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Internships in Italy

Why They Are Important, How to Land Them

Aupairing, washing dishes, and waiting on tables in restaurants — this is not exactly what I had in mind when I went off to Italy in search of the lifestyle depicted in Fellini’s classic movie La Dolce Vita.

And although it gave me a bit of handy cash at the time and allowed me to improve my very bad language skills, it certainly didn’t push me up the Italian career ladder.

Of course, what I should have done was land an internship. But at the time I didn’t have the knowledge (or the guts) even to know where to start. Gaining valuable work experience in England, where I grew up, was complicated and competitive enough — let alone trying to find it in Italy, where the rules are completely different.

The biggest hurdle you face is convincing employers that you are an ideal candidate for an internship. For whereas American, Australian and British students all graduate relatively young, it is not uncommon for Italians to still be studying for their first degree aged 30. Given that a stage (the Italian word for internship) is the exception rather than the norm among diligent students planning their futures, this also means that you will find yourself explaining to a potential employer why you are a candidate.

So just how do you go about finding a job that will advance you in the career of your dreams?

Language Ability

First of all, be realistic about your language ability. Ideally, you should have a good command of the language — listening, reading, writing, and speaking — and be willing to improve upon these skills once in your placement. It goes without saying that the better you speak Italian, the easier it will be to communicate with your new colleagues.

"Preparing in advance or taking language classes in Italy before starting an internship is therefore essential," says Emily Merson, founder and director of business development for Global Experiences, which places young people in internships in Italy and elsewhere. “For some placements that do not require language experience, interns may find that their tasks are more junior to their work experience level to compensate for the language barrier. In other cases interns are able to work in English as the company may have close ties to the international marketplace, but they may not have many opportunities to learn or practice their Italian.”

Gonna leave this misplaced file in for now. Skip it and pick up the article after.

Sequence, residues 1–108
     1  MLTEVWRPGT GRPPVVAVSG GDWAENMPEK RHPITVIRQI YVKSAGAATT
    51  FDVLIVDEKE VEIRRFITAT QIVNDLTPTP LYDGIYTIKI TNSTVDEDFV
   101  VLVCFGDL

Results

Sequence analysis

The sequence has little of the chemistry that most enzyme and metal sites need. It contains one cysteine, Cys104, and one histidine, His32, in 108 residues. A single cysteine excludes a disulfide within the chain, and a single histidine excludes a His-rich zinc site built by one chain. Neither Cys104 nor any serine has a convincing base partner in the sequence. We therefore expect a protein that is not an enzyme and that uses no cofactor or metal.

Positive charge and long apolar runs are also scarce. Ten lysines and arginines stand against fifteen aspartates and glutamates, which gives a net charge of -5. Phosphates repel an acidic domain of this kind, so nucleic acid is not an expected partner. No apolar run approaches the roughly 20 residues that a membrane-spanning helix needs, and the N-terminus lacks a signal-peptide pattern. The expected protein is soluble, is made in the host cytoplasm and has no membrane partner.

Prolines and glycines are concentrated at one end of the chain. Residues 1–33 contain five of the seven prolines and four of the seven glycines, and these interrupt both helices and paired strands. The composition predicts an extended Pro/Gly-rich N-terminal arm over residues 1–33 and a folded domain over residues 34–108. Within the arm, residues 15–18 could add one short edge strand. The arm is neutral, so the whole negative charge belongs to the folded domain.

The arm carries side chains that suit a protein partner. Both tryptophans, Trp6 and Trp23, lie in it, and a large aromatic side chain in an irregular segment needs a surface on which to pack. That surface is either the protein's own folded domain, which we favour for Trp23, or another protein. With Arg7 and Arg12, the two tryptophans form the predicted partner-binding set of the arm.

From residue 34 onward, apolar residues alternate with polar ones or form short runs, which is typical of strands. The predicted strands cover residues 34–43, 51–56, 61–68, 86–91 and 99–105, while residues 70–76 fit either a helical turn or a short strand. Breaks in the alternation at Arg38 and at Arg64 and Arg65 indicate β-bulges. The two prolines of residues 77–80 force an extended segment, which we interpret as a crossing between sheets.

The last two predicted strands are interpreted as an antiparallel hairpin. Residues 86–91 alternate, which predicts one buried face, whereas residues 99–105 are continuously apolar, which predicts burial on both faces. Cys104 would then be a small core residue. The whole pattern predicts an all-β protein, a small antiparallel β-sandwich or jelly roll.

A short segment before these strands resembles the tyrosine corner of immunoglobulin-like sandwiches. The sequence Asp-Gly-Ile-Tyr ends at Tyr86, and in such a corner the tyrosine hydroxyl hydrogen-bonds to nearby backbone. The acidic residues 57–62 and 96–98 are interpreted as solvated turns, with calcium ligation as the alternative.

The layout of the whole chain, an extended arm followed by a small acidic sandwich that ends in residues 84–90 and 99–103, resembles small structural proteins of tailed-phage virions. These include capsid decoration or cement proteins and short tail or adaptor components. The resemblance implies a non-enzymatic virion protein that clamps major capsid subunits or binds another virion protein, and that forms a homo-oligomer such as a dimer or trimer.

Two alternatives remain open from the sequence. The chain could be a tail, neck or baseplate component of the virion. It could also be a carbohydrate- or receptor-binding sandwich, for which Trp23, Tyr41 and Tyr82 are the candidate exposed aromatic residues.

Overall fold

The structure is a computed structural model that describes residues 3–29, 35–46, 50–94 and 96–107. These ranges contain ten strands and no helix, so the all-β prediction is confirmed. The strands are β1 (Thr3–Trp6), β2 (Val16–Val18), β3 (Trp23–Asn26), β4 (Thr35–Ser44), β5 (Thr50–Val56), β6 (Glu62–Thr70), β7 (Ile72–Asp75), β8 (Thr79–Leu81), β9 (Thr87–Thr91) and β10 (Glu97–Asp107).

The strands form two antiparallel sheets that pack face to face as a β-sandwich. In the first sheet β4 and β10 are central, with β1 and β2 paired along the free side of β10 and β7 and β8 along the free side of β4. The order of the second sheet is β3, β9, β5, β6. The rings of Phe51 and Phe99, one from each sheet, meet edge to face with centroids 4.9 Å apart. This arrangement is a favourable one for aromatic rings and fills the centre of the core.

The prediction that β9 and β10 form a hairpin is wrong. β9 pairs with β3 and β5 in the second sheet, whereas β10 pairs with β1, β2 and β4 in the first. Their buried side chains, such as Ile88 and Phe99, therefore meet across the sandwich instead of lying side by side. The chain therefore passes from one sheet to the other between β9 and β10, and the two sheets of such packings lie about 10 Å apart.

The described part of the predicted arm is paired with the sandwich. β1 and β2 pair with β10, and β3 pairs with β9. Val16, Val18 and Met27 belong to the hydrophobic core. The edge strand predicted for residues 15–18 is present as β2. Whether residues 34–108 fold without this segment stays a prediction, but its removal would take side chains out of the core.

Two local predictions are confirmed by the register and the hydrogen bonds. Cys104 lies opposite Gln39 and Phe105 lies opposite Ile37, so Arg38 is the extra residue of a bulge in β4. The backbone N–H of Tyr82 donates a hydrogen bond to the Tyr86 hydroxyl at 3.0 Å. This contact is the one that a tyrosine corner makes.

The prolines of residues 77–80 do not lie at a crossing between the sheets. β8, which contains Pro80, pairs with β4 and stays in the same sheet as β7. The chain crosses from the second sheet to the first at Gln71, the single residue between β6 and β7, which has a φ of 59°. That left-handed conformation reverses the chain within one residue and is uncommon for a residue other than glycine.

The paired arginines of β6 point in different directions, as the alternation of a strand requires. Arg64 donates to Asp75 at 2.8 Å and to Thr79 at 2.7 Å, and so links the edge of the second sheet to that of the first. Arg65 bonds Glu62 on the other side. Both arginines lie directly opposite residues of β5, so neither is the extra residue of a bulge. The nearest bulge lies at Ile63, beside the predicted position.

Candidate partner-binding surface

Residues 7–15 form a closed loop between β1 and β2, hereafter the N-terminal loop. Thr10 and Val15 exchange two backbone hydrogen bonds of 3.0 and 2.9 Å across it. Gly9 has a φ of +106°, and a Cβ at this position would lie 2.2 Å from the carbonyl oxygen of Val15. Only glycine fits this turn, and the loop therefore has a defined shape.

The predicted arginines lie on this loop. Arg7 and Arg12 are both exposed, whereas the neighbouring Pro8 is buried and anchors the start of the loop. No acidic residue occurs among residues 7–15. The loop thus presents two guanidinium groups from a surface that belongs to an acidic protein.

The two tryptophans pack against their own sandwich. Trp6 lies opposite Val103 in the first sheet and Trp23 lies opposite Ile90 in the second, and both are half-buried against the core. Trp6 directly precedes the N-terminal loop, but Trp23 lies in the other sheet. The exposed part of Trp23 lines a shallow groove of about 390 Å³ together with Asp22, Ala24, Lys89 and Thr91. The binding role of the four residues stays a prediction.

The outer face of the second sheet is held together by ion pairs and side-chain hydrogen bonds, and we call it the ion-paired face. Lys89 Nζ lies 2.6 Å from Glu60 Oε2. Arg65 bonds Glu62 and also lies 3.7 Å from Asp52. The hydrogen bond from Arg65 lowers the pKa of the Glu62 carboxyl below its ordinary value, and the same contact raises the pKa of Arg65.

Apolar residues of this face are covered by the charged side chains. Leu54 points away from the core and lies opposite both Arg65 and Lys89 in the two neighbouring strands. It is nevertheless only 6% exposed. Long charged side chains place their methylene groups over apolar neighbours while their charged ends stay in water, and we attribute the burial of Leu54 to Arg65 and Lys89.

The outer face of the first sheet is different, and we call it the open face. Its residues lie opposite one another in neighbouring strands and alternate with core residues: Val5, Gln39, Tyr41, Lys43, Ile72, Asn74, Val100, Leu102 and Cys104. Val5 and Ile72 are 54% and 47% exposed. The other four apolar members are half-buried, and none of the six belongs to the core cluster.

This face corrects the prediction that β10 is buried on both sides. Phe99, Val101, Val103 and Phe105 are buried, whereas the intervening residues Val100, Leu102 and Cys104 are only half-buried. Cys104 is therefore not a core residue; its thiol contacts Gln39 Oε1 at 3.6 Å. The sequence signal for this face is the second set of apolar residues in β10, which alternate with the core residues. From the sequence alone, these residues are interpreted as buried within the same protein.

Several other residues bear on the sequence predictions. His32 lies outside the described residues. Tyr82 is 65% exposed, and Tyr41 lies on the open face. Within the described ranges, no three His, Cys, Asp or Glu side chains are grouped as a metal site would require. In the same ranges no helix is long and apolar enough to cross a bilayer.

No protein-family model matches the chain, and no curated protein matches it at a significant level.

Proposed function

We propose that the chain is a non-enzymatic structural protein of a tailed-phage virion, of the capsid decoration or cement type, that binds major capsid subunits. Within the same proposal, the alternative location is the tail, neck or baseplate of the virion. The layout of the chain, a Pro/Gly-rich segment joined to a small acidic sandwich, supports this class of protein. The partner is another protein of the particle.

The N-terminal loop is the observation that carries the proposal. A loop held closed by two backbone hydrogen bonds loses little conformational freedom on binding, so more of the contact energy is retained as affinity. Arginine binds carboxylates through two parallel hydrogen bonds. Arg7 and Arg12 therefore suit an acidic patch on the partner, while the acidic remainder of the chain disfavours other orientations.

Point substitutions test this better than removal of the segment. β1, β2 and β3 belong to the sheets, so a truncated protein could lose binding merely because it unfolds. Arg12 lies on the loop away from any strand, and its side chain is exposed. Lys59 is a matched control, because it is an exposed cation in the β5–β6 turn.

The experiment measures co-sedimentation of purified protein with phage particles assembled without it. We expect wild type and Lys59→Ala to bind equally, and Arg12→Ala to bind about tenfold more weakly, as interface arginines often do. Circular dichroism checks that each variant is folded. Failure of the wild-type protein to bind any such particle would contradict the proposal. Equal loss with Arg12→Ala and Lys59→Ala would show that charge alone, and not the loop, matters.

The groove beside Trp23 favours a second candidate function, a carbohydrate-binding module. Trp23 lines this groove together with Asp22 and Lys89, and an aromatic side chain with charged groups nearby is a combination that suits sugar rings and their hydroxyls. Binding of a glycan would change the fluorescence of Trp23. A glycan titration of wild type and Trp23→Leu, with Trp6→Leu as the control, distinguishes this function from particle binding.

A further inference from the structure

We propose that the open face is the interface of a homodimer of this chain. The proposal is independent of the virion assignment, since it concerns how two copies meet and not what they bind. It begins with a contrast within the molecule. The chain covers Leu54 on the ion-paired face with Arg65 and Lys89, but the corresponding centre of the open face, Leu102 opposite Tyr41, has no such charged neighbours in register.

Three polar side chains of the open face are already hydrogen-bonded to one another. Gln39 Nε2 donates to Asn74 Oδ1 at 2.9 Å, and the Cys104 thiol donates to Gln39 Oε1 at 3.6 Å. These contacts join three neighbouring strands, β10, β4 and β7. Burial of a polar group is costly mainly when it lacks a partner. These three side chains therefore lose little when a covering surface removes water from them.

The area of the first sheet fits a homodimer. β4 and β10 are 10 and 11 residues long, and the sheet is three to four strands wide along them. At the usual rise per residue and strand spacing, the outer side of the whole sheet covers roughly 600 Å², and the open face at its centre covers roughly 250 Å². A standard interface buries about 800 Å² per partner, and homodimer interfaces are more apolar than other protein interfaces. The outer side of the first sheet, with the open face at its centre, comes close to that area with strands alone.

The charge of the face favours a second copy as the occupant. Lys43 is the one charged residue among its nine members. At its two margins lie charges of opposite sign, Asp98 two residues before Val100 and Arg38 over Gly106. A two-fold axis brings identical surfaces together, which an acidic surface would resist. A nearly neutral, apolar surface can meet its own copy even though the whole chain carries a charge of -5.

Know What You Want to Do

Think about what you want to do for a career and find an internship that will help you advance in that field. There is little point opting for something that you have no interest in, as this will only leave you with a jumbled resume that you will then have to explain to employers back home. For example, if you want to work in journalism contact the regional papers or online media and put yourself forward as a candidate. You may not be asked to write front-page exclusives but there’s a good chance you will be asked to sift through documents or find a telephone number. If you want to work in fashion, then consider the exact area you want to work in. Merchandising? Design? Retailing? Do your research carefully and send your resume (curriculum in Italian) and cover letter to the human resources department, identifying the area in which you want to work. If you are available at any time, say so. But remember that Italy is shut down in August, so if possible avoid working in the summer.

Think About Location